Does NZ Have Its Own Donald Trump?

It seems some New Zealanders have features in common with the White House horror show. For example I read that Jackson Cropp had this to say about the reporting of Jan Cameron’s death.

After Swim Vortex published that horrendous article on Jan Cameron, this is good news some might think! It is a shame the media all around the world are becoming increasingly biased…makes you wonder if we are all better off without them?

The following comment was posted in reply to Cropp’s sage piece of enlightenment.

I thought that article was unfair too, but it was the only one I had that was authentic at the time. That’s why I took it down here and replaced it when I had a better one. If you think you are better off without media like Vortex-(and perhaps NZSwim?) shall I simply shut this page down and leave you all to it?

Wow, Crop must only be about twenty-three years old. His opinions on a free press are however better suited to someone three times that age. How do you get to your early twenties and believe already that the media are “increasingly biased” and wonder if we would be better off without them.

Clearly Cropp has no idea what a world without a free press would be like. If he did he wouldn’t wonder something as clearly imbecilic as whether we would be better off without them. His knowledge of the meaning of media bias is equally wanting. Being critical of some aspects of Jan Cameron’s performance does not make an article horrendous or biased.

To justify that position Cropp has an obligation to explain why the article is wrong. What lies did it tell? Just shouting names is not sufficient – especially when he was only 15 or 16 years old when Jan left New Zealand.

He wasn’t old enough to hear from New Zealand swimmers excluded from Manchester Commonwealth Games team meetings because they weren’t coached by Jan Cameron. Being ostracised from the national team for swimming in the “wrong” squad – now that really is bias. But Cropp, Jan Cameron did that. Ironically the only two swimmers who won medals at that Games were two of those that Jan left out in the cold.

Cropp has probably never read the Ineson Report that lead to Jan leaving Swimming New Zealand. He wouldn’t know about the report’s condemning conclusions. And so for the benefit of his education here is how the NZ Herald reported on Jan’s performance. Mind you, in Cropp’s world the NZ Herald is probably biased and something we could all do without. I have highlighted in bold the most damning paragraph. It sure looks to me like the criticism in SwimVortex and Swimwatch was very gentle compared to the reality of the time.

Much has been made since the report’s release about swimming getting a second chance ahead of London but revelations about a “dysfunctional” and “negative” environment and “lack of leadership” point to no New Zealander matching Loader’s feat, or even getting on the podium.

Ineson’s determined the high performance programme “has to change if the swimmers are to have a chance of winning medals in London.”

There can be no doubt Jan Cameron, as general manager of performance and pathways, Mike Byrne as chief executive and the SNZ board are among those seen as involved in the sport’s lack of performance at elite level.

Ineson’s report states that: “Many spoke about the failure of leadership at the three critical organisational levels – chair of SNZ’s Board (governance); the CEO (operational) and the GM performance and pathways (high performance). The thrust of the criticism was that the dysfunctional environment at the HP centre had been festering for some time; was ‘public knowledge'; but little or nothing had been done to rectify it.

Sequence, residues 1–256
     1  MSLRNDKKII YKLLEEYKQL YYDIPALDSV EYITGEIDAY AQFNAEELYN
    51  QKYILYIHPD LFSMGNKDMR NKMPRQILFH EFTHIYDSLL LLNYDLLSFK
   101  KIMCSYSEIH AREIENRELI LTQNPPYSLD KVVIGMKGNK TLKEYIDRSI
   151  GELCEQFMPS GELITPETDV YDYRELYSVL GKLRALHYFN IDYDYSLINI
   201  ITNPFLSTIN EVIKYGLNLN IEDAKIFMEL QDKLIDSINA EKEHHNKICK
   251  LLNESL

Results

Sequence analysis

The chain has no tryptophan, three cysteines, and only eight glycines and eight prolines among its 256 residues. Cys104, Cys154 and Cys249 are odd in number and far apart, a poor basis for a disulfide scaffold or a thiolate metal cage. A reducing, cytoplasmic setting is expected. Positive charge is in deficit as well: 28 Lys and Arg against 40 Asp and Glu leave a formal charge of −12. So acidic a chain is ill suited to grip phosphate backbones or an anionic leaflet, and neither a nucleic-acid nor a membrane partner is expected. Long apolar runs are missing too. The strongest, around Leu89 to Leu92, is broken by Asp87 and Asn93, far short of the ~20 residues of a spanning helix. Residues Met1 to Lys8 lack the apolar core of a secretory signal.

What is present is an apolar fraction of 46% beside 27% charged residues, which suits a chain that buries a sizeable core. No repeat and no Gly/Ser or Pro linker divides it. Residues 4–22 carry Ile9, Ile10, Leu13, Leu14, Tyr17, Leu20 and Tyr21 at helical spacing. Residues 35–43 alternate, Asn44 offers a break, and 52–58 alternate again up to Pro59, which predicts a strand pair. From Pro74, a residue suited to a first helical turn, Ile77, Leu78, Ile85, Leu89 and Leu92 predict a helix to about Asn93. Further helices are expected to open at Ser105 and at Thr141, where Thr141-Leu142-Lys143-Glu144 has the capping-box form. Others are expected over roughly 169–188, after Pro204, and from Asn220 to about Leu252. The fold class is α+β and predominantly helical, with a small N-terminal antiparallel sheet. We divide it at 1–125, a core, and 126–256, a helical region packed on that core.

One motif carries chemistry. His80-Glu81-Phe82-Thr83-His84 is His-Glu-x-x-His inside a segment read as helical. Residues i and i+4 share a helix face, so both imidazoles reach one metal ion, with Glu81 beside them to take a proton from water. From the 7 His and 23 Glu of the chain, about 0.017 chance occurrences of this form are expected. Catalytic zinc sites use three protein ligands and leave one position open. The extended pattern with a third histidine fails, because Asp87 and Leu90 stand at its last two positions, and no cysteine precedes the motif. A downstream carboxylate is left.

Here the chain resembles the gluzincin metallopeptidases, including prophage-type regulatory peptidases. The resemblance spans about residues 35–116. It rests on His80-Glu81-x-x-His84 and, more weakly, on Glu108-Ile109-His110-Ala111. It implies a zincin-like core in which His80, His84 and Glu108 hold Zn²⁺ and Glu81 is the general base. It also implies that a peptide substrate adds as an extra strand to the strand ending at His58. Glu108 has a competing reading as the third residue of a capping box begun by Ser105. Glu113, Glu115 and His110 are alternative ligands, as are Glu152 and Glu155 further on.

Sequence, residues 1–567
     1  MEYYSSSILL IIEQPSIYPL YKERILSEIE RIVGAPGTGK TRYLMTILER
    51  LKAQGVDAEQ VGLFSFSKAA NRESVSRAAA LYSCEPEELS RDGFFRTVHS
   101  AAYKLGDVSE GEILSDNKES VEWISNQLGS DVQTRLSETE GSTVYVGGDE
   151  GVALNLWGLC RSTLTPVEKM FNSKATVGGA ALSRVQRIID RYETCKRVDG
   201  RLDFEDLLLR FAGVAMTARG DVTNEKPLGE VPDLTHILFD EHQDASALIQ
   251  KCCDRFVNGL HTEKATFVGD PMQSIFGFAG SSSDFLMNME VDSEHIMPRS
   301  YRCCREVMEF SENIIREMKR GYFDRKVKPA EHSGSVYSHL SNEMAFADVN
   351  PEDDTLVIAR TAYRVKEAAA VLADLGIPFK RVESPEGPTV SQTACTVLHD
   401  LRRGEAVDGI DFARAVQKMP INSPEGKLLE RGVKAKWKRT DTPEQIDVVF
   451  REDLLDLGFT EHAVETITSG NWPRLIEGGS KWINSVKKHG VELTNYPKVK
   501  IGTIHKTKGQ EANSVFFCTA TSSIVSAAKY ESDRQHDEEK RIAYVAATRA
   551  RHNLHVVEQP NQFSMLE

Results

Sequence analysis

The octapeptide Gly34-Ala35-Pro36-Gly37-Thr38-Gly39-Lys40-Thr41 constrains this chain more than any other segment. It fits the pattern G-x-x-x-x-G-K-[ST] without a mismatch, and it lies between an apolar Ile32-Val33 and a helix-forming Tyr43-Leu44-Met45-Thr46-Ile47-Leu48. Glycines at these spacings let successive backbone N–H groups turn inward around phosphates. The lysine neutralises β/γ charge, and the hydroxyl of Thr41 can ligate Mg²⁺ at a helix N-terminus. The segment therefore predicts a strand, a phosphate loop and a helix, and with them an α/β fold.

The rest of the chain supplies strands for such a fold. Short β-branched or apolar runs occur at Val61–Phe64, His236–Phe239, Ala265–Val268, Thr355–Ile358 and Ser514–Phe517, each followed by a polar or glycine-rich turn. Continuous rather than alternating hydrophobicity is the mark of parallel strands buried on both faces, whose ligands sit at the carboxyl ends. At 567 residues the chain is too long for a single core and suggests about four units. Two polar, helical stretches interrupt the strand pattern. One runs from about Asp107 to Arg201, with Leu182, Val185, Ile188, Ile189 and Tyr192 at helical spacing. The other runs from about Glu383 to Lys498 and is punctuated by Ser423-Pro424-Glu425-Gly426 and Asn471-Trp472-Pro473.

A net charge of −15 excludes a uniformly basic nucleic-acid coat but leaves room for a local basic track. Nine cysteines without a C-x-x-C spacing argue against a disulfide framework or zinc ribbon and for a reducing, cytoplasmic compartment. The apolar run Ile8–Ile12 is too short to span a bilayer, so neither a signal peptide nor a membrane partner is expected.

Ineson interviewed 86 people involved in the sport, concluding 91 per cent attributed the poor culture at the high performance centre as a significant barrier to success at London; 83 per cent criticised the leadership of SNZ and the high performance programme; and 69 per cent questioned the need for Cameron’s position and that of a head coach.

That analysis is backed by three clear patterns in New Zealand swimming since the Commonwealth Games in October, as previously reported in the Herald on Sunday.

First, the culture of fear; where no athlete would speak on the record for fear of reprisal.

Second, there was the cover-up around Daniel Bell’s drinking post-Commonwealth Games in Delhi.

Third, there was a sense of ‘mutiny’ in the regions which could yet see the board rolled in favour of a fresh start.

Sources spoken to by the Herald on Sunday say the current board will struggle to re-build trust. Coulter would not confirm Cameron’s future in the high performance programme. “Her current role mightn’t exist. Whether she is part of the programme going forward is yet to be seen.”

Coulter admits they need to engage in more transparency with top athletes by treating them as adults. That means dealing closely with the swimming arm of the New Zealand Athletes Federation, led by three-time Olympian Helen Norfolk.

And the reply to Cropp claiming that the SwimVortex report is unfair only further demonstrates the ignorance of the author. He knows nothing of the distress that affected swimming at that time. I don’t know what he was doing between 2000 and 2010. Whatever it was, it certainly did not involve competitive swimming. There is nothing worse than those with extremely little knowledge passing themselves off as experts. I am delighted to see that he seems to understand his deficiencies. Why else would he conclude by asking the question “shall I simply shut this page down and leave you all to it?”

Thank you for the offer – we gratefully accept.

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